Proposed Table of Miasms in the Plant Kingdom           



Calendula in Malaria ?

would like to discuss the question in which miasm to put Calendula.
I have one clear case of recurrent genital condylomata with soreness, wounded feeling, all the time avoiding behaviour and phases of acute exacerbation. So the proposed acute miasm could be just one part of the miasm. I would suggest to put it into malaria miasm.
The plant taken as a tea is used since centuries gainst cancer, has antispasmodic qualities. So there must be a sycotic component.
for example see here:
Traditional Uses in Herbal Medicine:
Calendula flowers were believed to be useful in reducing inflammation, wound healing, and as an antiseptic. Calendula was used to treat various skin diseases, ranging from skin ulcerations to eczema. Internally, the soothing effects of calendula have been used for stomach ulcers and inflammation. A sterile tea has also been applied in cases of conjunctivitis. Historically, calendula is found to be antispasmodic, aperient, cholagogue, diaphoretic, vulnerary. An infusion of the flowers can be used for such gastrointestinal problems as ulcers, stomach cramps, colitis, and diarrhea. It is also useful taken internally for fever, boils, abscesses, and to prevent recurrent vomiting. The fresh juice of the herb or flowers can substitute for the infusion. For external use, a good salve for wounds can be made from dried flowers or leaves, from the juice pressed out of the fresh flowers, or from the tincture. The salve or dilute tincture is good for bruises, sprains, pulled muscles, sores, and boils. The tincture is used internally for gastritis and for menstrual difficulties.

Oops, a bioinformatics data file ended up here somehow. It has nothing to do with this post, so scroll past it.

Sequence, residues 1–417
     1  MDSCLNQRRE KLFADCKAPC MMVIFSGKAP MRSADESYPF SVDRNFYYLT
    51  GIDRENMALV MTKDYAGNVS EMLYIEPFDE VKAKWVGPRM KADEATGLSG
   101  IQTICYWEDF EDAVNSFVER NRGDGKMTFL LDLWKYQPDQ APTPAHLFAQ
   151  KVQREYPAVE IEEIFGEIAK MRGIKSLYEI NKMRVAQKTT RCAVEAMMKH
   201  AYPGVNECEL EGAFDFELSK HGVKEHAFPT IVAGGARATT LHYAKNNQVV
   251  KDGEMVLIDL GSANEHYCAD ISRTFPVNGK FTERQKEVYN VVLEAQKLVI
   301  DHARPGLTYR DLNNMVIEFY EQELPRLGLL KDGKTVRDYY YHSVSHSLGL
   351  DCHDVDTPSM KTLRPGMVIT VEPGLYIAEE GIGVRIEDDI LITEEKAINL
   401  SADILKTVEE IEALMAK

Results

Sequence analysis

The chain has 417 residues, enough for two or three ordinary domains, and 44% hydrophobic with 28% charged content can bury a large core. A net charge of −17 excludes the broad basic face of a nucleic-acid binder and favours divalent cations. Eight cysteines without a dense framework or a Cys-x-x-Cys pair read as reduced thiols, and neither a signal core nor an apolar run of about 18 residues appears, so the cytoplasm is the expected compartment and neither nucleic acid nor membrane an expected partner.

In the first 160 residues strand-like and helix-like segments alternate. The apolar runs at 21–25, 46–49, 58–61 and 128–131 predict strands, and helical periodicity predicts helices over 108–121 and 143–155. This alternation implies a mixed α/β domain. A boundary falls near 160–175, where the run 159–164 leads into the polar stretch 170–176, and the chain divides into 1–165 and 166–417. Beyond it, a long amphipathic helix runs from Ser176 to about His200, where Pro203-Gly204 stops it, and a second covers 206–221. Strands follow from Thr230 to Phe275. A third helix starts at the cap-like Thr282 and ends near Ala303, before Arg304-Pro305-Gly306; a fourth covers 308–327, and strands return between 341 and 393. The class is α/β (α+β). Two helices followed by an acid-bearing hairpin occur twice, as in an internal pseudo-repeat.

or here:
Calendula has been used traditionally for abdominal cramps and constipation.[10] In experiments with rabbit jejunum the aqueous-ethanol extract of Calendula officinalis flowers was shown to have both spasmolytic and spasmogenic effects, thus providing a scientific rationale for this traditional use.[10] An aqueous extract of Calendula officinalis obtained by a novel extraction method has demonstrated anti-tumor (cytotoxic) activity and immunomodulatory properties (lymphocyte activation) in vitro, as well as anti-tumor activity in mice.[4]

Andreas Holling, 29.2.2012


Tussilago farfara in the tubercular miasm, suggested by Wyka Feige on the basis of one case of herself and two cases by Gertraude Kittler.


Artemisia absinthum (Absin) in leprous miasm according to a seminar of Rajan Sankaran in Munich, Oct. 2019.   (report JW)


Of a given plant group this table only shows those species that we could relate a certain miasm to. If you want to see all remedies of a plant family or order that are in current homeopathic use or that have recently been proved, you can go to the website and there to "search substances and groups", where you can chose the remedy group you are interested in.

And if you wish to see wonderful photographs of many of these plants (and many more) you can visit